Appendix D.  Event Processing Summary . . . . . . . . . . . . . .  38
 Appendix E.  Timestamps Edge Cases  . . . . . . . . . . . . . . .  44
 Appendix F.  Window Retraction Example  . . . . . . . . . . . . .  44
 Appendix G.  RTO Calculation Modification . . . . . . . . . . . .  45
 Appendix H.  Changes from RFC 1323  . . . . . . . . . . . . . . .  46

Borman, et al. Standards Track [Page 3] RFC 7323 TCP Extensions for High Performance September 2014

1. Introduction

 The TCP protocol [RFC0793] was designed to operate reliably over
 almost any transmission medium regardless of transmission rate,
 delay, corruption, duplication, or reordering of segments.  Over the
 years, advances in networking technology have resulted in ever-higher
 transmission speeds, and the fastest paths are well beyond the domain
 for which TCP was originally engineered.
 This document defines a set of modest extensions to TCP to extend the
 domain of its application to match the increasing network capability.
 It is an update to and obsoletes [RFC1323], which in turn is based
 upon and obsoletes [RFC1072] and [RFC1185].
 Changes between [RFC1323] and this document are detailed in
 Appendix H.  These changes are partly due to errata in [RFC1323], and
 partly due to the improved understanding of how the involved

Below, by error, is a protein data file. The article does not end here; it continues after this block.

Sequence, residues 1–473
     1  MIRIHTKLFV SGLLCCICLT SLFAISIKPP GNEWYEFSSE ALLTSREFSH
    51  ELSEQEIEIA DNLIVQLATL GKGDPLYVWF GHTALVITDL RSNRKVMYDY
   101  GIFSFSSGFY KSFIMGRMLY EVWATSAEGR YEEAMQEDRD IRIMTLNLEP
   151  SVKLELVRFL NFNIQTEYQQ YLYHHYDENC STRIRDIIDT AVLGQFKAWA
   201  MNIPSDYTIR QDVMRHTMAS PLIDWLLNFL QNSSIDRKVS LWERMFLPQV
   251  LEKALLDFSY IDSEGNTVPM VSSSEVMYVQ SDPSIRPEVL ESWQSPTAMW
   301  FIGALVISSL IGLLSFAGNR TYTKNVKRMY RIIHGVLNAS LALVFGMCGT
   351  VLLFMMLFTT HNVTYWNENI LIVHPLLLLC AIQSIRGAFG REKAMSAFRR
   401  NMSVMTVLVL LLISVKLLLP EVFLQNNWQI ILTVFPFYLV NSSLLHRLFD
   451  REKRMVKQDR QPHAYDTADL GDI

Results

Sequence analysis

components interact.
 For brevity, the full discussions of the merits and history behind
 the TCP options defined within this document have been omitted.
 [RFC1323] should be consulted for reference.  It is recommended that
 a modern TCP stack implements and make use of the extensions
 described in this document.

1.1. TCP Performance

 TCP performance problems arise when the bandwidth * delay product is
 large.  A network having such paths is referred to as a "long, fat
 network" (LFN).
 There are two fundamental performance problems with basic TCP over
 LFN paths:
 (1)  Window Size Limit
      The TCP header uses a 16-bit field to report the receive window
      size to the sender.  Therefore, the largest window that can be
      used is 2^16 = 64 KiB.  For LFN paths where the bandwidth *
      delay product exceeds 64 KiB, the receive window limits the
      maximum throughput of the TCP connection over the path, i.e.,
      the amount of unacknowledged data that TCP can send in order to
      keep the pipeline full.

Borman, et al. Standards Track [Page 4] RFC 7323 TCP Extensions for High Performance September 2014

      To circumvent this problem, Section 2 of this memo defines a TCP
      option, "Window Scale", to allow windows larger than 2^16.  This
      option defines an implicit scale factor, which is used to